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Investments in human capital accumulation, government consumption and total government expenditures present a striking negative correlation with capital shares. This correlation is robust to alternative specifications, lists of controls, and exclusion of outliers. Causality tests strongly support the hypothesis that the direction of causation runs from capital shares to the government spending variables. We present a political economy model of interest groups that can account for these correlations. In contrast, a median voter model predicts positive correlations between capital shares and the government spending variables.

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... Despite the overarching effect of income inequality on economic growth, empirical studies investigating the channels of transmission of its effect on economic growth are sparse. Persson and Tabellini [1994], Alesina and Perotti [1996], Perotti [1996], Deininger and Squire [1998], Deininger and Olinto [2000], Barro [2000], Sylwester [2000], Pineda and Rodríguez [2006], Cingano [2014], and Grundler and Scheuermeyer [2018] have assessed the relevance and validity of savings, credit market imperfection, fiscal policy (political economy), fertility differentials, and the sociopolitical channels via which income inequality exerts its effects on economic growth. Deininger and Squire [1998] confirm, for a panel of 81 countries, credit market imperfections as the channel through which income inequality negatively affects economic growth. ...
... The coefficient of the Gini index becomes statistically significant in the growth model after the inclusion of the measure of fiscal policy. These results confirm the transmission of the effect of income inequality on growth through this channel and corroborate the findings of Persson and Tabellini [1994], Deininger and Squire [1998], and Pineda and Rodríguez [2006]. This is also consistent with the studies of Perotti [1996], Barro [2000], and Bagchi and Svejnar [2015]. ...
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... The independent variables are the logarithm of population ( Pop), the logarithm of population density ( Dens), the 'average years of schooling (alternatively primary and secondary) attained in the year 1970' ( _ ℎ_70 ) taken from Barro and Lee (2001) and a vector containing a number of control variables. The use of a lagged value for the variable _ ℎ_70 aims at avoiding the problems produced by the potential endogeneity of this variable; see Pineda and Rodríguez (2006) and De la Croix and Doepke (2009). The first control variable is the 5-year lag of the logarithm of the real GDP per capita ( GDPpc_5) -to contemplate for the famous Kuznets (1955) hypothesis of a u-shape relationship income inequality and economic development measure by the GDP per capita. ...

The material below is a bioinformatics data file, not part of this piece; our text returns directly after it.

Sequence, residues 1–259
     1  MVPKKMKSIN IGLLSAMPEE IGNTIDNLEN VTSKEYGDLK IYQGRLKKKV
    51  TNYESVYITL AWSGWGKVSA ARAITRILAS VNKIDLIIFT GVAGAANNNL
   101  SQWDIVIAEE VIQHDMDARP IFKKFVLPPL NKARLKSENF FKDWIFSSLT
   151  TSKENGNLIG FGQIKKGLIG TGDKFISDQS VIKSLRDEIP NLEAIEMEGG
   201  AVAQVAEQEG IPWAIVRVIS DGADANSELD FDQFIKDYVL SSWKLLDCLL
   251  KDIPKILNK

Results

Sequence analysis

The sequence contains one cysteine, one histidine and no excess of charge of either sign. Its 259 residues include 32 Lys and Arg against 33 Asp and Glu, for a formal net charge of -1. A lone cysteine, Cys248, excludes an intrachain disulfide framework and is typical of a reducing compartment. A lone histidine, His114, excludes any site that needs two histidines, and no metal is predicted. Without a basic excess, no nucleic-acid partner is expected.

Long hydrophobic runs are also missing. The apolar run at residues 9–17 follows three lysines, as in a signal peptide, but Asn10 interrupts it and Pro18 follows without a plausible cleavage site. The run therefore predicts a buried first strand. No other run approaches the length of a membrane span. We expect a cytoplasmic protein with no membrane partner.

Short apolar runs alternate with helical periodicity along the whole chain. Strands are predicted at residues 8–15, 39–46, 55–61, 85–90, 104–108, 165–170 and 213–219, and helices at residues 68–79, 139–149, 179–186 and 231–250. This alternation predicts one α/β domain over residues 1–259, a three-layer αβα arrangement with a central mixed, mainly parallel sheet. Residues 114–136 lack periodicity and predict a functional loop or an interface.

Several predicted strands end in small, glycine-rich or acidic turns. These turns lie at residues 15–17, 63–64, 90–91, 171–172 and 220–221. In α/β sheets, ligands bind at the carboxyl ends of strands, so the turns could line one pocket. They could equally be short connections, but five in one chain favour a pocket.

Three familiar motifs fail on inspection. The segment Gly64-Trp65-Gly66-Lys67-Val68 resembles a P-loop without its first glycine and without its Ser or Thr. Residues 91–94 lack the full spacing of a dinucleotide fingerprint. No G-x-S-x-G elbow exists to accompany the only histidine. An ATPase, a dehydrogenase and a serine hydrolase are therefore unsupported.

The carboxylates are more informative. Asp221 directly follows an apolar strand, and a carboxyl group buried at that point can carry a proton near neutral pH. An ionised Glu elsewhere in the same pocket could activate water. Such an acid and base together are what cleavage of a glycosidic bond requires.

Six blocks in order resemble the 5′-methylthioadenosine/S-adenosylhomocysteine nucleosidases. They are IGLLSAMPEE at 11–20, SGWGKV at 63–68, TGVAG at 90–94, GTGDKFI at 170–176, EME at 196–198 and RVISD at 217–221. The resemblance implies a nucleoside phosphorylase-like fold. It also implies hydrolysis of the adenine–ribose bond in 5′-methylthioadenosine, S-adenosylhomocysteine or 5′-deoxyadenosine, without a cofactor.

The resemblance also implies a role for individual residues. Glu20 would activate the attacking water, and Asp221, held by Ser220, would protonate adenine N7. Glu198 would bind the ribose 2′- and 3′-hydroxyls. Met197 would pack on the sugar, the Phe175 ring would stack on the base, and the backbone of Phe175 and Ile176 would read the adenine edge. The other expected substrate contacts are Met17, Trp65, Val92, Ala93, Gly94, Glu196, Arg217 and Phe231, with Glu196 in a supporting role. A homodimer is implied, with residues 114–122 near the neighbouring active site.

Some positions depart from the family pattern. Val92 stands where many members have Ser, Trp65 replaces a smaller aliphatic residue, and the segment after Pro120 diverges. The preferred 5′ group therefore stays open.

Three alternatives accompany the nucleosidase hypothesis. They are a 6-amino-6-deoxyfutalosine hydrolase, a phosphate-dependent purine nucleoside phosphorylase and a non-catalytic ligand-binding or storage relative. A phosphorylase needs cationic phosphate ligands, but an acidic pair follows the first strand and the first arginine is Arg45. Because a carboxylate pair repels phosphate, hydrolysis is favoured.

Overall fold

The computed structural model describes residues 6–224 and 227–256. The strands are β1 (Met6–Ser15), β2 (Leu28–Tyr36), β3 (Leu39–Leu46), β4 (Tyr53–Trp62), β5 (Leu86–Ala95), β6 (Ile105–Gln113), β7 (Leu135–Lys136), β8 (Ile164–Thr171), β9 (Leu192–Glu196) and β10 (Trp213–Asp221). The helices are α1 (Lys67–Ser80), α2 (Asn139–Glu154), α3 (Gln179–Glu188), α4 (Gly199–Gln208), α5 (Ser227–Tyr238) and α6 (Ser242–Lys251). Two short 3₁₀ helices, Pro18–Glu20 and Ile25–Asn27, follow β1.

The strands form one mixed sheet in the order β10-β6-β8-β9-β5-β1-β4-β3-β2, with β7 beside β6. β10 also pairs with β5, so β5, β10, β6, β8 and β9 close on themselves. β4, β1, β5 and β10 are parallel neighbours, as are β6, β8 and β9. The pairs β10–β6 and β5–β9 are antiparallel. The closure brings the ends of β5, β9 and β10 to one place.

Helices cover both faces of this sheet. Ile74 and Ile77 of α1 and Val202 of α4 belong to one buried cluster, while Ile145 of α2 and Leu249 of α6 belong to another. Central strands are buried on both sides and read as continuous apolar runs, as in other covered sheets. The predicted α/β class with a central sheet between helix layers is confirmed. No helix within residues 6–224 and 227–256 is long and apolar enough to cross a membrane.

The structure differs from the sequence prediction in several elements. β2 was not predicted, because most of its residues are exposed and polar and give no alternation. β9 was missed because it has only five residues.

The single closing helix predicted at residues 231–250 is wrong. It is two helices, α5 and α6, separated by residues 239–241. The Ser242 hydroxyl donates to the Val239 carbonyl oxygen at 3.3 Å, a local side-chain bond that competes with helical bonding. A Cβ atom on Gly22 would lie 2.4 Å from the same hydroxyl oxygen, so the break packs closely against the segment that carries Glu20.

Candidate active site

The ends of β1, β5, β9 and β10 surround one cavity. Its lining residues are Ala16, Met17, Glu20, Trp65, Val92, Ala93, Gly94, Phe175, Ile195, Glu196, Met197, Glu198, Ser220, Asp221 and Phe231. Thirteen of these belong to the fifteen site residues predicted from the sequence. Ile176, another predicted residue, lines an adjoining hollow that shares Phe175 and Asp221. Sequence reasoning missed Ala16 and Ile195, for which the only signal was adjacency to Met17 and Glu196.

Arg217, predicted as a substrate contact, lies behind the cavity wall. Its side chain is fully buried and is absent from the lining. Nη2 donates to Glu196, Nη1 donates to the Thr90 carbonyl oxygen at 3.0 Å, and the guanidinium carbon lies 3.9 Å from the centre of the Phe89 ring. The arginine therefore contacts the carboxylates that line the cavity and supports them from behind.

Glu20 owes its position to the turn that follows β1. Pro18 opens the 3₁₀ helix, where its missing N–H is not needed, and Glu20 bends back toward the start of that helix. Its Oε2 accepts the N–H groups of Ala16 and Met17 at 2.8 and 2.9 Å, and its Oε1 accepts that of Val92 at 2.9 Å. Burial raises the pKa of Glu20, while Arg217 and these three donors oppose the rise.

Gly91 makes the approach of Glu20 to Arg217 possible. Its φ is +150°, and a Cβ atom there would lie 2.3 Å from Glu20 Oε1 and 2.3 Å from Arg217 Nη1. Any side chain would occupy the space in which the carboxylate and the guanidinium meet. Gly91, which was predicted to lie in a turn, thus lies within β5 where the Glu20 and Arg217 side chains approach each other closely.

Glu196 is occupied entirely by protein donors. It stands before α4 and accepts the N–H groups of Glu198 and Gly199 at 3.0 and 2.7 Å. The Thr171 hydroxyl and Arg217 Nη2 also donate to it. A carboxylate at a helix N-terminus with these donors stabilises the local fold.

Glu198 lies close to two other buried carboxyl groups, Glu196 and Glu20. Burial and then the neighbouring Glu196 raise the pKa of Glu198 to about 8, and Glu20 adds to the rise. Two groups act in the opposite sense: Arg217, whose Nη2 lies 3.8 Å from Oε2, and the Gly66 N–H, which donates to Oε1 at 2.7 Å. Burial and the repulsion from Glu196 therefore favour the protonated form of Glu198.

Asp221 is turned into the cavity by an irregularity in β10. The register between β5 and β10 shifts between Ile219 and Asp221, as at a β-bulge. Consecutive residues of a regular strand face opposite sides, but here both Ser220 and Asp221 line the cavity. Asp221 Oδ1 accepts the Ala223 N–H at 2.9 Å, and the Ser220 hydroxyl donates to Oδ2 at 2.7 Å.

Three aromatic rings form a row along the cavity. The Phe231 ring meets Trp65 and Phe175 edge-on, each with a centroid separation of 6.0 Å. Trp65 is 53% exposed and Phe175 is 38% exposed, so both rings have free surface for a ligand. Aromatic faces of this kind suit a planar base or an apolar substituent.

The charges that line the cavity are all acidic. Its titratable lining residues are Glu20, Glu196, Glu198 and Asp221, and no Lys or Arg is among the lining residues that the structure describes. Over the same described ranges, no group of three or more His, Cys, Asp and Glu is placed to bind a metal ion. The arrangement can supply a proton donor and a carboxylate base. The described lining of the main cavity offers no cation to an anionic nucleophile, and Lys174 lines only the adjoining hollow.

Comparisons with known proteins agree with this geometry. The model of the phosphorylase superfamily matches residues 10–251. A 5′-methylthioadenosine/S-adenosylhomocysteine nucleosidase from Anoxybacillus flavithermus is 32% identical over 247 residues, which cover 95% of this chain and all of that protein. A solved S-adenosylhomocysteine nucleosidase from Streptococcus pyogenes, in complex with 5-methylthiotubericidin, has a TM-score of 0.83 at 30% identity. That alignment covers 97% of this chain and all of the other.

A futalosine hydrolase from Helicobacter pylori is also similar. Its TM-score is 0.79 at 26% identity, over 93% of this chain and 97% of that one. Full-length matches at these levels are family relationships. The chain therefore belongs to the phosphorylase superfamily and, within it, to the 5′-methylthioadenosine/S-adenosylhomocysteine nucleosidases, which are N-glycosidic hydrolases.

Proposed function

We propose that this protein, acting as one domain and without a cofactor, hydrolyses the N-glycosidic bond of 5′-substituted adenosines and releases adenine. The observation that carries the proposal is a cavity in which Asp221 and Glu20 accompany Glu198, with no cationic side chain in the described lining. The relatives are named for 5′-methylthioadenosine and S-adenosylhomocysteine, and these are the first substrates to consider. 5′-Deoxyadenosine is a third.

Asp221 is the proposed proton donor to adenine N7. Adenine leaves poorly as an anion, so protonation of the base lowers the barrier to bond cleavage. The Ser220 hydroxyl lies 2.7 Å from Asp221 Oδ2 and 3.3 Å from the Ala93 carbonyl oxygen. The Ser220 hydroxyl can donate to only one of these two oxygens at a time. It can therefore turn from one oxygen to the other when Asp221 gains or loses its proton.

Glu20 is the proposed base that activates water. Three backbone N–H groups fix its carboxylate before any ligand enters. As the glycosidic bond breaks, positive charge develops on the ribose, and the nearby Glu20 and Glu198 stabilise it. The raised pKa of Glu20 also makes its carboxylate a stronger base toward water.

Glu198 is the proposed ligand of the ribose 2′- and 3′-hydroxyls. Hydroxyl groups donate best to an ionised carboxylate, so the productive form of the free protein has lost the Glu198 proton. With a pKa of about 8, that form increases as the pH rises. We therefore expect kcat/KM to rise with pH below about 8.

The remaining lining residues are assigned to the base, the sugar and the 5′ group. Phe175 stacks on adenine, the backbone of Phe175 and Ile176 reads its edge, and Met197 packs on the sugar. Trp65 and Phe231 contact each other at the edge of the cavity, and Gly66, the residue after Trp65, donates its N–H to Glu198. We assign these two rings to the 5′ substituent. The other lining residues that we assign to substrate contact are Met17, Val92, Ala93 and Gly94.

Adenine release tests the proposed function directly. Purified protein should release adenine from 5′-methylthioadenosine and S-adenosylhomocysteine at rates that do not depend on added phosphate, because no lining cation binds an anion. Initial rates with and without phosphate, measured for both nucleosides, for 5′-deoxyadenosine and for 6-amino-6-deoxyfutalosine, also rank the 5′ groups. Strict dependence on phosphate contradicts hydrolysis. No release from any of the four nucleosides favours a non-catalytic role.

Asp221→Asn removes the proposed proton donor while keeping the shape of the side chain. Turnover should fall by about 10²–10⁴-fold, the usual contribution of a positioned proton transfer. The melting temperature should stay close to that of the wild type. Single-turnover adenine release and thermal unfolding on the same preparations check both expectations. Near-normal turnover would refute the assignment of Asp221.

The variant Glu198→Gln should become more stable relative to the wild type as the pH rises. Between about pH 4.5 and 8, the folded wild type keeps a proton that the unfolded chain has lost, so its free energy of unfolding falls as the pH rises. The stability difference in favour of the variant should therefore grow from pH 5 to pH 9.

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... For example, the United Kingdom and the United States feature higher wage inequality and smaller redistribution whereas some Continental European and Nordic countries display lower wage inequality and larger redistribution. In fact, Pineda and Rodriguez (2006) found a strong negative correlation between redistribution and the share of capital in GDP where the share is considered an indicator of income inequality. ...
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This paper studies the impact of lobbying on political competition and policy outcomes in a framework which integrates the citizen-candidate model of representative democracy with the menu-auction model of lobbying. Positive and normative issues are analysed. On the positive side, lobbying need have little or no effect on policy outcomes because voters can restrict the influence of lobbyists by supporting candidates with offsetting policy preferences. On the normative side, coordination failure among lobbyists can result in Pareto inefficient policy choices. In addition, by creating rents to holding office, lobbying can lead to “excessive” entry into electoral competition.
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